Proponents of conservation projects begin the process by submitting an informal proposal to the WDNR. The proposal must include a statement of project goals and objectives and a measurable definition of success. WDNR staff assess the project in relation to WDNR's conservation priorities, the site’s condition, the likelihood of success, consistency with other land use plans, and potential conflicts with existing and future commercial uses. If approved, WDNR region staff specifies to the proponent any needed changes, along with terms and conditions. The proponent then makes a formal application for a proprietary use authorization (a lease or license) from WDNR and any necessary regulatory permits from local, state, or federal agencies.
|Lease area||10 acres|
|Resource||State-owned aquatic lands. 2.4 million acres fresh and salt.|
|Dates/duration||Leases up to 55 yrs. Licenses up to 5 yrs.|
|Price/fee||Same rates as other water-dependent uses|
|Use||Habitat restoration, enhancement, preservation, or creation|
|Grantor(s)||Washington State Department of Natural Resources|
|Grantee(s)||Private and public entities|
- It is possible for conservation proponents to compete fairly under statutory guidance with non-conservation project proponents.
- Internal WDNR resistance to the idea of conservation leasing was addressed by creating a rigorous application, planning, and review process. This process is in a number of ways stricter than the review process applied to traditional commercial leases.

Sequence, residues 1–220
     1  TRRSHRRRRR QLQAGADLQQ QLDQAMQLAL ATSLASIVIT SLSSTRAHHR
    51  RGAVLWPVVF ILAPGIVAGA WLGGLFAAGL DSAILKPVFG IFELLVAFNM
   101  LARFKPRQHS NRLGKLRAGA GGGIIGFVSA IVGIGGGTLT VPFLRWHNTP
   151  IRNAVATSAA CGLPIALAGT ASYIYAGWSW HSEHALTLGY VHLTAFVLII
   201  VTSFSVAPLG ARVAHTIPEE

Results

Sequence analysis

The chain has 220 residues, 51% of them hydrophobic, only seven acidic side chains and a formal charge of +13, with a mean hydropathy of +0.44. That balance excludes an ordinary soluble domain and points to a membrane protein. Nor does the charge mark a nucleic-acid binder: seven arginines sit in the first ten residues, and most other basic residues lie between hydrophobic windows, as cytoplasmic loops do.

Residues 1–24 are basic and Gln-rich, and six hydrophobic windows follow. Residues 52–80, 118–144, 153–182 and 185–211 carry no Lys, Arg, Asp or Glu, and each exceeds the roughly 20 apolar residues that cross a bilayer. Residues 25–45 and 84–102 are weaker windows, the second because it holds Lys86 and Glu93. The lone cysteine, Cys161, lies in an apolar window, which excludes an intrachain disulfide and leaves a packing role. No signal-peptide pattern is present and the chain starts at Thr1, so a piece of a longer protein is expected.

- Ongoing demand for conservation leases and licenses is uncertain.
- For the program to succeed, conservation organizations must make the investment to take lead roles in managing aquatic lands.
Costs to develop the program were not recorded. Several DNR staff were involved in program development activities over a 2-3 year period.
Project proponents may be public or private entities and must demonstrate the financial capacity to complete the project. WDNR requires that proponents specify a site manager with the education and experience for aquatic natural resource management.
Washington State Department of Natural Resources
Aquatic Resources Program
Conservation Leasing Program
P.O. Box 47001, Olympia, WA 98504-7001
Washington State Department of Natural Resources (see above)
Links to the following documents are on the WDNR Conservation Leasing web page.
- Guidelines for Authorizing Voluntary Conservation Activities on State-Owned Aquatic Lands (download .pdf, 98kb)
- Lease License Application
- Lease Document (blank sample)
- License Document (blank sample)
- Conservation Plan (suggested format)
- Crevar, A., 2005. Getting to the bottom of marine conservation. Nature Conservancy, Spring 2005: pgs 20-29. (Web version)
- Goss, H. 2005. Protecting the bottom line: Leasing Washington’s submerged lands for conservation. Coastal Services 8(6): 4-6, 9. NOAA/CSC/20506-PUB. (download .pdf, 1,660k)
- Udelhoven, J. and M.P. Barrette. 2005. Washington Case Study: Conservation Leasing on State-Owned Aquatic Lands in Washington State. Chapter 3. In Beck, M.W., K.M. Fletcher, and L.Z. Hale. 2005. Towards Conservation of Submerged Lands: The Law and Policy of Conservation Leasing and Ownership. Rhode Island Sea Grant, Narragansett, RI. pp. 17-29. (download .pdf, 2,390k)
- Udelhoven, J., J. White, and B. Lyons. 2005. Conservation Leasing in Washington State—Partnerships for Improving and Protecting State-owned Aquatic Lands. Proceedings of the 2005 Puget Sound Georgia Basin Research Conference. (download pdf, 140k)